It’s so hot, roads are buckling, they’re putting foil on a bridge, and roofs are melting

Last week’s deadly heatwaves have unleashed strange infrastructural events around the world as millions face searing temperatures that are still rising.
The heat-related events also speak to aging infrastructure around the world, most of which – roads, bridges, railroads, buildings – are unprepared for the muggy conditions of recent times.

Exactly how hot was it? Spring…

The UK experienced its hottest day on record on Tuesday as temperatures topped 40 degrees Celsius (104 Fahrenheit).

It was so hot that a runway at London Luton Airport on the outskirts of the capital had to be closed because it was melting in the heat.

“Flights are being temporarily suspended to allow for necessary runway repairs after high surface temperatures caused a small section to lift off.” The airport tweeted on Monday.
According to the Pennsylvania State University College of Engineering, heat causes materials to expand and crack as temperatures rise — concrete and asphalt found on runways and roads are no exception.

It’s so hot that a museum roof has melted in China

A heat wave has now swept through half of China, affecting more than 900 million people – or about 64% of the population. All but two northeastern provinces in China have issued high-temperature warnings, with 84 cities issuing their highest red alerts last week.

In the city of Chongqing, which is also on red alert, the heat caused the roof of the Forbidden City’s Cultural Relics Museum to melt.

The heat dissolved the underlying tar, causing the traditional Chinese tiles to flake off.

It’s so hot they’re wrapping a London bridge in foil

Built in 1887, Hammersmith Bridge in London was closed to all users in August 2020 due to cracks in the bases following a heatwave.

Hammersmith Bridge in London can now be seen with silver foil around it due to the country’s heatwave.

You might be wondering why foil, and if that would attract more heat – it’s actually part of a cooling system that reflects sunlight and keeps the bridge at a moderate temperature so its materials don’t expand and crack.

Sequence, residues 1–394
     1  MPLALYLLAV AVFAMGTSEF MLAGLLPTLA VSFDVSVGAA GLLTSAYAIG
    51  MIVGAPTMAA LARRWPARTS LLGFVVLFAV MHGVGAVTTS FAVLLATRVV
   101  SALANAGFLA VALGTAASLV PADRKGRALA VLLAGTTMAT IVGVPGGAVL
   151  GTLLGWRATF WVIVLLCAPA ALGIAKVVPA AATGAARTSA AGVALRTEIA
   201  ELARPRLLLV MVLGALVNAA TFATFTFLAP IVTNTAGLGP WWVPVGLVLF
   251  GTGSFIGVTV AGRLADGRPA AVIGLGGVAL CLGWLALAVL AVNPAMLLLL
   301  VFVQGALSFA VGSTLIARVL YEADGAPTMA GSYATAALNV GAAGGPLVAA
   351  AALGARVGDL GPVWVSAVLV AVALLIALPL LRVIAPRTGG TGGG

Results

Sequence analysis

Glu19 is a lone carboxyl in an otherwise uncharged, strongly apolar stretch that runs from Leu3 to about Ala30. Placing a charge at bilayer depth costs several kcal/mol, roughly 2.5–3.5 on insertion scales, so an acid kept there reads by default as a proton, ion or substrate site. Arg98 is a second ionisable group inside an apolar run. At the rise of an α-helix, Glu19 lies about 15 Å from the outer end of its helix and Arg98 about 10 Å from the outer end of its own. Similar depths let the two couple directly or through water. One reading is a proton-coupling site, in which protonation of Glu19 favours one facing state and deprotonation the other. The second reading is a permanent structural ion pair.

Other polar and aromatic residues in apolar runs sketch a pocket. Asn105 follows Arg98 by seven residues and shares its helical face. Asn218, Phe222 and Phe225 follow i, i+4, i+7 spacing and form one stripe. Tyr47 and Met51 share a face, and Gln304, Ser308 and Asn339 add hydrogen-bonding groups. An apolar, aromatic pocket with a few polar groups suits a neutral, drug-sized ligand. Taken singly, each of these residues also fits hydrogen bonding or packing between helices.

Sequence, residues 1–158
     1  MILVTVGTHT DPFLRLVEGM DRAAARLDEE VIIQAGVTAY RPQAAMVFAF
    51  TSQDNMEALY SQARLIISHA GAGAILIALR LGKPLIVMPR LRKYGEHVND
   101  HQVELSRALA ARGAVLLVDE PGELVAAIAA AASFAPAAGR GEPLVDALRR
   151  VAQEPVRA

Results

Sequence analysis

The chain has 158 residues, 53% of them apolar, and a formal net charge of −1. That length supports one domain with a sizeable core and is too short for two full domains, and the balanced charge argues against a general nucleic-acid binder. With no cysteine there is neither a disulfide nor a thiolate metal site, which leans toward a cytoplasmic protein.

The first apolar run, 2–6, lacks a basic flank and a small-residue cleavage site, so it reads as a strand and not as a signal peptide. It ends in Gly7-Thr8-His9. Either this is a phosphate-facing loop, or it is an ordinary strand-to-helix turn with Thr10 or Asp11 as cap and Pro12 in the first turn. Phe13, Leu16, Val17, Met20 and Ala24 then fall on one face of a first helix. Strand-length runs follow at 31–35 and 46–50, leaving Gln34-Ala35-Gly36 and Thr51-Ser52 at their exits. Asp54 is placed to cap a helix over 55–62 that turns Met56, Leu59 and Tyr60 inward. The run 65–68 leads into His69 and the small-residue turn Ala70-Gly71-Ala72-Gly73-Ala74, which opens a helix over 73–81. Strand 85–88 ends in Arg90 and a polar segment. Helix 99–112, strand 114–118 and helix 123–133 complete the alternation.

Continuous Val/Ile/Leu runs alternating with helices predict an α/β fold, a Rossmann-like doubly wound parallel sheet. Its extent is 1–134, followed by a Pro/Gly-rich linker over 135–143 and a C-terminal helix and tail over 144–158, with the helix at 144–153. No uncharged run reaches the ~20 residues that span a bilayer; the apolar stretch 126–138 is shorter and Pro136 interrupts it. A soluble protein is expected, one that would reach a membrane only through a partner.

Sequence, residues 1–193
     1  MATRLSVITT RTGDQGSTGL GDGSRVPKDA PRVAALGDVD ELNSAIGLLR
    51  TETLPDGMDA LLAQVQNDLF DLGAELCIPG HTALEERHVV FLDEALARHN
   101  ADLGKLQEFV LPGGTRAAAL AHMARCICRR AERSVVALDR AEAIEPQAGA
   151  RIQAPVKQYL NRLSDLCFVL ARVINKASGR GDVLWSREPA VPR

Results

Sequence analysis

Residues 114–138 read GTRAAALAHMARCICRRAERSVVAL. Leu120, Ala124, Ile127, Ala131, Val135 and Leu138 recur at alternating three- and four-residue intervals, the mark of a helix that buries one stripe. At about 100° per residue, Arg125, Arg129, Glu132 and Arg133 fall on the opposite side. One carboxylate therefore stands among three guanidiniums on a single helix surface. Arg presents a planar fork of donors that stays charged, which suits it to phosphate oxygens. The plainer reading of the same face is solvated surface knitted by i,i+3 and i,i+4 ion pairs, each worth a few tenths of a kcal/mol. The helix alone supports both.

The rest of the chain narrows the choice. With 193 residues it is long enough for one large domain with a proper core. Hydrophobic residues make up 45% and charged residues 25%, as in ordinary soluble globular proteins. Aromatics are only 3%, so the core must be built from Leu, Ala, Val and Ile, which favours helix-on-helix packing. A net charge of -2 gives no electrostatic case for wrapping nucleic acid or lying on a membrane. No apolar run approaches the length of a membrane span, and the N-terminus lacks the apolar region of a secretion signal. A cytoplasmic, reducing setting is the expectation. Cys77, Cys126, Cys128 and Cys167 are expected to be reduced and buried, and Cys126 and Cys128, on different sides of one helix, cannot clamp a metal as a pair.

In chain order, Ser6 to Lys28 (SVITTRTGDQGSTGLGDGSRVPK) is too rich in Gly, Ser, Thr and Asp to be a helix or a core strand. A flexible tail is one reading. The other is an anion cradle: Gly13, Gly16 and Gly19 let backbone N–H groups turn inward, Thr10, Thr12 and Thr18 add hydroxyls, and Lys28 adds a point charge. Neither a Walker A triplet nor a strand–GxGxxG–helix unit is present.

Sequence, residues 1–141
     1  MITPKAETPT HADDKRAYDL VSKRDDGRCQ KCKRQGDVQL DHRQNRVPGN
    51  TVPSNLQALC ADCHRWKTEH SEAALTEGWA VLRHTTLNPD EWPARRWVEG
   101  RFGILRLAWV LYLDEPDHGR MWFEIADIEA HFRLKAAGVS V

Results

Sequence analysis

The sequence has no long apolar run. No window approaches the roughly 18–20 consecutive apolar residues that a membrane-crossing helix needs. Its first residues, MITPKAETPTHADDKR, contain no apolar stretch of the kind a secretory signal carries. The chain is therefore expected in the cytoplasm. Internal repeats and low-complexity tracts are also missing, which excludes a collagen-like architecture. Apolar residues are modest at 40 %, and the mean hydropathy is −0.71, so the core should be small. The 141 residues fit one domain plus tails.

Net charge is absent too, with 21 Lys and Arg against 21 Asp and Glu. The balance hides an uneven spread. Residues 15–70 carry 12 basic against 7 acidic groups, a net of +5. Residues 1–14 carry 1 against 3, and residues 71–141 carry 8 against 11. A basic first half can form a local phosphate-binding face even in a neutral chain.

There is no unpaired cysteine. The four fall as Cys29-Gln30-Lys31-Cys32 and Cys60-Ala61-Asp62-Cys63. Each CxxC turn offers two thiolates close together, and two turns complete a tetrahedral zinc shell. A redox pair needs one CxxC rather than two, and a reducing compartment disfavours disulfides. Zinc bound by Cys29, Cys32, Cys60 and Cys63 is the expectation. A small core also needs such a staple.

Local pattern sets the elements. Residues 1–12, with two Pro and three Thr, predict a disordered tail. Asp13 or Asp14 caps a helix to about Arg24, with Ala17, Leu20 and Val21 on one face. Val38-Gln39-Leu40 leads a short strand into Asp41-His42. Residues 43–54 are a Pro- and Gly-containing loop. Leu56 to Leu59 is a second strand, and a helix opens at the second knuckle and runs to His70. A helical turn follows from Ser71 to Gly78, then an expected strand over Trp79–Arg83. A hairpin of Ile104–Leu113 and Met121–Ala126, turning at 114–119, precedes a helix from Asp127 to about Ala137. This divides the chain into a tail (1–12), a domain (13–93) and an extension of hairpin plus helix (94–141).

“Engineers are working around the clock to keep the 135-year-old Hammersmith Bridge open during the extreme heat wave,” according to a press release from Hammersmith and Fulham Council.

The council commissioned world-class engineers to cover the bridge with a “£420,000 (US$503,000) comprehensive temperature control system to keep the bridge at a safe temperature and reduce any stress on the plinths”.

“It effectively acts as a giant air conditioner on each of the four chains of sockets,” the council’s release reads.

The bridge actually had to be closed in August 2020 when a heatwave caused “microcracks in its cast-iron bases.”

It’s so hot they’ve painted the railways in London white

Train tracks painted white to help the heat at Alexandra Palace station in London.

Railroads were also scorched during this heat wave. So much so that they painted them white in London.

“The rail temperature here is over 48 degrees Celsius (118 degrees Fahrenheit), so we’re painting the rails white to keep them from getting hotter.” Britain’s Network Rail tweeted Monday. The agency regulates rail infrastructure in the UK.
By painting the splints white, they absorb less heat and expand less. This in turn reduces delays in hot weather, The agency tweeted.

It’s so hot it’s bursting pipes in Texas

A construction worker digs a hole around a ruptured 20-inch water main in Fort Worth, Texas, as repairs begin on a line that has failed under the stress of record-breaking temperatures.
Searing temperatures and a lack of rain have caused the ground to shift in Fort Worth, Texas, according to the city’s website.

The result this summer was “an unusually high number of water pipe bursts”.

“As of 8 a.m. Monday, Fort Worth Water has had 476 major breaches in 2022, including 221 in the past 90 days,” the city said in a press release. “The telling number is 182 in the last 30 days — over 38% of the annual total.”

Those major breaches have created a kind of chaos cocktail in Fort Worth due to the Covid-19 labor shortage that has led to a backlog of leaks and repairs, the press release said. In addition, water consumption has increased due to the heat.

“The city is bringing in outside contractors to help with these backlogs in an emergency,” the release said.

CNN’s Angela Dewan, Nectar Gan, Jessie Yeung, Shawn Deng, and Ritu Prasad contributed to this report.

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